Your business will inevitably face obstacles and challenges when expanding overseas. Nohman Ahmed, Co-founder of Crept Protect, advised businesses to keep up to date with trade regulations because they change very often – and it can spell disaster if you do not follow them. “We work very hard in driving confidence in our clients. A massive challenge for us was expanding very quickly very fast,” Nohman said. “We sell a vast array of shoe care products and they are hazardous products with materials which are permitted in some territories and some not, so we had a very generalist view once we started. And starting to understand the regulations on labelling, hazardous storage and transport. In the local regions, they vastly differ... A massive challenge for us was getting in that consistency but doing it within regulations... For us we spoke with the Chamber of Commerce, we worked with hazardous storage consultants, we have distribution hubs all over the world. And again, we just learnt so much ourselves. It’s important to learn at the outset but always stay up to date. These regulations change very often and it could really cause significant damage to your business if it’s not followed.” 

When expanding overseas, it is important to understand the culture and people’s way of life. Allyson advised businesses to have good knowledge of how potential customers could use your product or service, so you can determine the right overseas territory for you to invest in. “Until you immerse in the culture and understand how does a consumer or B2B client use your product or your service, or misuse it,” Allyson said. “A lot of innovation has come from people misusing your stuff... Understanding how people live and how they use products differently, that sort of research is invaluable. You’ve got to go, you’ve got to immerse and suspend judgment and not say, ‘They’re wrong!’ My family and friends always ask, ‘Why do the British drive on the wrong side of the road?’ It’s not the wrong side, it’s the right side there!” 

When exporting your goods overseas, it is important to understand your rates of sale as sometimes buyers can overestimate that. It is important to be realistic and understand your margins, as you can end up losing out on profits. Also, have a contingency plan in case one of your supply chains shuts down – and never put all your eggs in one basket.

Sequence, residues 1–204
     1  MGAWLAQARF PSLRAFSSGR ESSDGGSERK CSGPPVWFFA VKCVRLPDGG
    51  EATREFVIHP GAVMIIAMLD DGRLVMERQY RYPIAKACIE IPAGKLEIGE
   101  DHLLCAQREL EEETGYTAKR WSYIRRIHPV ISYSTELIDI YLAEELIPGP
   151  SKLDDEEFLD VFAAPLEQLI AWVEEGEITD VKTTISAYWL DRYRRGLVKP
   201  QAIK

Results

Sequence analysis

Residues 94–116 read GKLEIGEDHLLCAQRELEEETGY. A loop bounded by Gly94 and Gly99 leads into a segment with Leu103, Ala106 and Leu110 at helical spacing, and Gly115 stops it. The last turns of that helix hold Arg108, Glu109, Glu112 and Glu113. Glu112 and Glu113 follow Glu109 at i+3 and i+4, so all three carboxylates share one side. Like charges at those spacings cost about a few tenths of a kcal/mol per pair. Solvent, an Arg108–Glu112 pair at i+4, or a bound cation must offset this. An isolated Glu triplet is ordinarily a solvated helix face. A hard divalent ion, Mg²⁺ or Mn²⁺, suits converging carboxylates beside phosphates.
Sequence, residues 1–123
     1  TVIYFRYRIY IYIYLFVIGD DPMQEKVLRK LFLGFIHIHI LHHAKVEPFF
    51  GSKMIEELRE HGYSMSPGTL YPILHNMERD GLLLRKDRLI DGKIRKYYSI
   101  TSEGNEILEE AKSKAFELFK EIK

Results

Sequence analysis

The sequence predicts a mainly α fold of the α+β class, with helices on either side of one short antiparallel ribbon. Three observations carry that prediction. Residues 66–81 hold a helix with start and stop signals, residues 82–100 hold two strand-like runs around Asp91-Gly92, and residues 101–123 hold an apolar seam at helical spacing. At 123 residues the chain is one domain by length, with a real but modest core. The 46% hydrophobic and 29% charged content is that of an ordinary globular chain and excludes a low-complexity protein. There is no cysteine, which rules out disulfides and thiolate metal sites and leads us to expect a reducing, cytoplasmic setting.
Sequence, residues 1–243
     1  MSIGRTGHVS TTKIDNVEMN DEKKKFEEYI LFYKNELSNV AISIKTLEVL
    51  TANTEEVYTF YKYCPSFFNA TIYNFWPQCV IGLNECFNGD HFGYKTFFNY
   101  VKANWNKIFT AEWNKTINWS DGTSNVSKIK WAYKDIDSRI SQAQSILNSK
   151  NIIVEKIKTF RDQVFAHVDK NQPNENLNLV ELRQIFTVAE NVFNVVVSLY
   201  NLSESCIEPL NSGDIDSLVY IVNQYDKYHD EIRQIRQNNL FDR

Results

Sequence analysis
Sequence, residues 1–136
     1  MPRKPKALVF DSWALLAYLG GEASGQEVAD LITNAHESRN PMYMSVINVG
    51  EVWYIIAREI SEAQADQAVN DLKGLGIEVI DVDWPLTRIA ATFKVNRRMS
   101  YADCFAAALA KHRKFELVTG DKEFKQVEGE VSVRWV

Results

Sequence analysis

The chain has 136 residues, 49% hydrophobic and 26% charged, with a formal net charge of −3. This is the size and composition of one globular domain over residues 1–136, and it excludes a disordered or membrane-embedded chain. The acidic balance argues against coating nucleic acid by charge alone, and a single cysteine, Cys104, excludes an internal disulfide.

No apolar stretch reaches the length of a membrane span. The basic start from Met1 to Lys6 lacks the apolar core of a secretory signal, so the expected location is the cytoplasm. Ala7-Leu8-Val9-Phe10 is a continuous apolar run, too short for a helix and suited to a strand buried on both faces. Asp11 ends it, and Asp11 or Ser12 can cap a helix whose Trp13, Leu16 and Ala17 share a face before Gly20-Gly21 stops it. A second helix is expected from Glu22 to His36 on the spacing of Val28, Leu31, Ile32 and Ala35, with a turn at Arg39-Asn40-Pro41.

“During Covid-19, we saw a spike in toilet tissue which drove sales but at the same time we lost all our B2B businesses,” Chris said. “So having different areas of the market that you’re trading in is important so if you lose one revenue stream you still have some revenue, as you don’t have all your eggs in one basket. And secondly, when one form of supply chain shuts down, what’s your contingency plan? We’ve seen with retailers as well they will overestimate the number of sales they want and products they need... We’ve had our fingers burnt a few times where someone said prepare £300,000 of product and they sold £50,000, and we’re sitting on £250,000 and it takes us 6 to 9 months to shift it through, it becomes less profitable because you’re not working on those types of margins... Just look at your rates of sale and estimate exactly what your expectations are, and not what the buyer will tell you.”

About the Author

Latifa Yedroudj

Latifa Yedroudj

Latifa Yedroudj has joined the Elite team to fully immerse herself in the business side of journalism, a strong passion of hers cultivated from young having co-run her mother's start up business since she was 18. Her interests lie in a wide range of subjects, including start ups, business, travel, and anything entrepreneurial she can get her hands on. She has worked for some of the biggest names in journalism including The Guardian and The Mirror. Follow her on @latifayed on Twitter for her latest journo rants.